Health Insurance: Get the Facts, Make an Informed Decision
Looking for essential information on the Patient Protection and Affordable Care Act – also known as the Affordable Care Act, ACA, Obamacare, and healthcare reform? Visit our Healthcare Reform page.
If you are thinking about buying an individual or family health plan from New Mexico Health Connections, please see our Plans for Individuals & Families page for information on what benefits and services are and are not covered and what out-of-pocket costs you can expect to pay.
If you are an employer considering a New Mexico Health Connections health plan for your employees, please visit our Plans for Employers & Organizations page. You will find information on what benefits and services are and are not covered and what out-of-pockets you can expect to pay.
Choosing a health plan is an important decision. We want to provide you with all the information you need to choose the best plan for you. Click on the link below for an overview of:
- The availability of the providers and practitioners in our network.
- Our utilization management guidelines (how we make decisions on medical necessity and appropriateness of care).
- Any limitations on our services or covered benefits.
- Information on our formulary – also called a drug list – and your prescription drug benefits.
- How we keep your Protected Health Information (PHI) safe.
View a PDF that gives you information on our procedures and policies that can affect your healthcare.
Health insurance has its own set of commonly used terms. Learn what these terms are below.
- What is a copay? A set amount that you pay when you visit the doctor, pick up your medicines at the pharmacy, and use other services that are included in your health plan.
- How do I know what to pay? Your member ID card and plan information state exactly how much the copay is for each type of service. You’ll know what to expect when you use these healthcare services.
- What’s in the fine print? Copays are set for the year, but may change in a new plan year.
- What is a deductible? A set amount that you must pay each year before your health insurance company begins to cover the cost of services that you use.
- How do I know what to pay? Your member ID card and plan information state the amount of your deductible. This is a yearly amount. At the beginning of a new year, you will start your deductible over again. You’ll pay as you use services before you meet the deductible and your health insurance company begins to cover the costs.
- What’s in the fine print? Each health insurance company sets up its plans differently. With one plan, you may be required to pay all costs of services you use until you reach the plan’s deductible amount. With other plans, certain services you use regularly may require only a copay.
- What is coinsurance? A percentage amount that you pay for covered services you use. Your health insurance pays the rest. This goes into effect after you have paid the deductible amount required by your plan.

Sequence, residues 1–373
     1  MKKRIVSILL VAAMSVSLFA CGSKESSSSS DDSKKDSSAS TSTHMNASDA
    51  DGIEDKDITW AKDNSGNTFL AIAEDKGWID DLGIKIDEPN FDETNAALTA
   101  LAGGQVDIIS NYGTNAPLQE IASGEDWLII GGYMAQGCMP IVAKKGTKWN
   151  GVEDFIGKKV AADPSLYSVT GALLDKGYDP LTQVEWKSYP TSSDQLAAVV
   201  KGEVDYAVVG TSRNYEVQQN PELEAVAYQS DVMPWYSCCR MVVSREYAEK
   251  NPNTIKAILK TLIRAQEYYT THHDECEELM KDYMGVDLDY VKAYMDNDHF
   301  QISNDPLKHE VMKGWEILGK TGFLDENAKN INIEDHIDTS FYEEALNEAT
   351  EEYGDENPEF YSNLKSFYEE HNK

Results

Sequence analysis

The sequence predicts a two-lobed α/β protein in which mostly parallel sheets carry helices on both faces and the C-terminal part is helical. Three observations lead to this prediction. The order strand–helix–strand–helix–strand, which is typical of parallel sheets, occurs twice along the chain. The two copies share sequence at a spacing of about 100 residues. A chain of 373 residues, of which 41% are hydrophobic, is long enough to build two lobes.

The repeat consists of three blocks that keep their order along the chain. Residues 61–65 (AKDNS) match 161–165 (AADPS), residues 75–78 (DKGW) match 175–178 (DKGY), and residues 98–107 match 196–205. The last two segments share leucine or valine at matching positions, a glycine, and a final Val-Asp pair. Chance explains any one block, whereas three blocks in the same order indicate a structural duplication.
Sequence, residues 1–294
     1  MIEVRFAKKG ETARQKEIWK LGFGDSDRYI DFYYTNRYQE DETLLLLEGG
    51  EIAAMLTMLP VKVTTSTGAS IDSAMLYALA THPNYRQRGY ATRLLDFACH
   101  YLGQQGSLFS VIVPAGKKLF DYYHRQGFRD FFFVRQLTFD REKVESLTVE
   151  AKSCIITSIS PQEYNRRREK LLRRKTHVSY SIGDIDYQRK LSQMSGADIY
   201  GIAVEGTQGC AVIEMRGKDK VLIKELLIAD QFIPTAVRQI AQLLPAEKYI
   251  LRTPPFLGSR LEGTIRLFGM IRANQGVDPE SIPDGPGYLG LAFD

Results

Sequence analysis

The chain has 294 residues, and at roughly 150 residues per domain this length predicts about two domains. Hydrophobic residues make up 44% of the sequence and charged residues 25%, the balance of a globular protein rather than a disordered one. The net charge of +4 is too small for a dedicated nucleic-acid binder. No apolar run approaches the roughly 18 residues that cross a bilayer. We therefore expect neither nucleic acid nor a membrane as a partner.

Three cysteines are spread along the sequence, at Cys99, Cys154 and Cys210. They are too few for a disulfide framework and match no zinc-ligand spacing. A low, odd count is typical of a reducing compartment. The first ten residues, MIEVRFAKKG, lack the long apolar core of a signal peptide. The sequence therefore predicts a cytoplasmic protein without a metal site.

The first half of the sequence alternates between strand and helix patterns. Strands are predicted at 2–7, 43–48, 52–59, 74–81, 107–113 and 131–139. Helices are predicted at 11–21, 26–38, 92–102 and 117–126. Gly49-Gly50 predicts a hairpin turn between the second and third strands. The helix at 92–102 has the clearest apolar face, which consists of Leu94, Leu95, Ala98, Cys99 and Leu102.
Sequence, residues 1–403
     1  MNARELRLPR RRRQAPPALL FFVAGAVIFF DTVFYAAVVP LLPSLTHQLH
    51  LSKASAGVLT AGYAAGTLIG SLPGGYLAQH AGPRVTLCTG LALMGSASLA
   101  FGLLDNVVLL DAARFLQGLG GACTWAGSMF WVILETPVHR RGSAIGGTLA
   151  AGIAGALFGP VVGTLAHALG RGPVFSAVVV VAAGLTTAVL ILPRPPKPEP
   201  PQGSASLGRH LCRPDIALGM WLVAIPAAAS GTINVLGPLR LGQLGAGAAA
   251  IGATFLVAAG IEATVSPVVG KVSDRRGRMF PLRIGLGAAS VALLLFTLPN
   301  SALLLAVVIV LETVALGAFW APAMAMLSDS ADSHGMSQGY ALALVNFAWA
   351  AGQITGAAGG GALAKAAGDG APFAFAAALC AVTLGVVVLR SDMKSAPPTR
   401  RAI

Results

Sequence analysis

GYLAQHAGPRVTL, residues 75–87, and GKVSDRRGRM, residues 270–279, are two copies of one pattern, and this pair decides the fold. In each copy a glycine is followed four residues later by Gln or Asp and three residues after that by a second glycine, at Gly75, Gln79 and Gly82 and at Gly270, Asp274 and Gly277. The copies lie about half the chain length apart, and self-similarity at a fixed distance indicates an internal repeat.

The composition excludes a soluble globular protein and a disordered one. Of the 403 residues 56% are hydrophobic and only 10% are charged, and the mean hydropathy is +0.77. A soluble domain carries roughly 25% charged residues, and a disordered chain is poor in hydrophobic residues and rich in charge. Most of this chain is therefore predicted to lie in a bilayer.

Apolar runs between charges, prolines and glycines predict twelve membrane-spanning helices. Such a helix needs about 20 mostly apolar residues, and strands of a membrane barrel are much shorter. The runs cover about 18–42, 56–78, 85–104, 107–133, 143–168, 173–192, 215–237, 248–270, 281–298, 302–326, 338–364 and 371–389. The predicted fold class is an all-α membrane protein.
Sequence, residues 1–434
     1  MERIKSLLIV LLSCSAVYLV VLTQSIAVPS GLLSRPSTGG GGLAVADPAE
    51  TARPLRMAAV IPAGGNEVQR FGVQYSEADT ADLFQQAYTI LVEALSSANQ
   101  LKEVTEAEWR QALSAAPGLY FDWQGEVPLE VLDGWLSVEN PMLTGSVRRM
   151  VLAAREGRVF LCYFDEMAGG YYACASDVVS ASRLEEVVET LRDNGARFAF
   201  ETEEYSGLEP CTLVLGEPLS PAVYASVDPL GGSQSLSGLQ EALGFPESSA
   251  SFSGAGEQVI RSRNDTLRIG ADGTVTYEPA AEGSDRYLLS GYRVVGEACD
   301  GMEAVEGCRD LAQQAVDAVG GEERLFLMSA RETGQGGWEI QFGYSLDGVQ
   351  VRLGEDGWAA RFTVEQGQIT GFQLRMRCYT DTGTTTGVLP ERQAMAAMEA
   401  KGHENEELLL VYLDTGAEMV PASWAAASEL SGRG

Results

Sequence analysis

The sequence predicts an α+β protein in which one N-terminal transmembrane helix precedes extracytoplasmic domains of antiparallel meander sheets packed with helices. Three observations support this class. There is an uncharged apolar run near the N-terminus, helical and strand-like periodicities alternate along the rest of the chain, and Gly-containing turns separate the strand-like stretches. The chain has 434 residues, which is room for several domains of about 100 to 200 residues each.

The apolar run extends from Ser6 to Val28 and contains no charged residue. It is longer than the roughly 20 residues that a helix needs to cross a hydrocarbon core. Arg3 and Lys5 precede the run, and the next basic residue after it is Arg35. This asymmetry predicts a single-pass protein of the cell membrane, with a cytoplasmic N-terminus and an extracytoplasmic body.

- How do I know what to pay? Your plan information describes the coinsurance amount that you are required to pay. This will appear as a percentage amount, for example, “20% after deductible.”
- What’s in the fine print? Coinsurance may be required for all services you use, or only for some services. Because it is a percentage of the cost of the service, you will not know how much you are required to pay until you use the service.
- What is an out-of-pocket limit? The most you will need to pay in a one-year period. If you reach this amount, the health insurance company will cover 100% costs of the services you use for the rest of the year.
- How do I know? Your plan information describes the out-of-pocket limit for your coverage plan.
- What’s in the fine print? This does not include your monthly premium payments! There may be other payments, such as copays or out-of-network payments, that are not included in this amount either.
In-Network vs. Out-of-Network
- What is in-network? The doctors, hospitals, clinics, pharmacies, and medical equipment suppliers that your health insurance company has agreements with to provide services to their subscribers, like you.
- What is out-of-network? This refers to the doctors, hospitals, clinics, pharmacies and medical equipment suppliers that DO NOT have agreements with your health insurance company. You may still use services at these locations and providers, but your costs will be higher.
- How do I know? Your plan will provide a list of doctors, hospitals, clinics, pharmacies, and medical equipment suppliers that are in-network. Your plan information will also describe the costs of in-network vs. out-of-network services and providers.
- What’s in the fine print? Services that you need may not be covered at all by your plan if you are using out-of-network providers. If they are covered, your copayment amounts and coinsurance percentages will likely be higher than if you were using in-network providers.
Click here to download this list of commonly used insurance terms to your computer.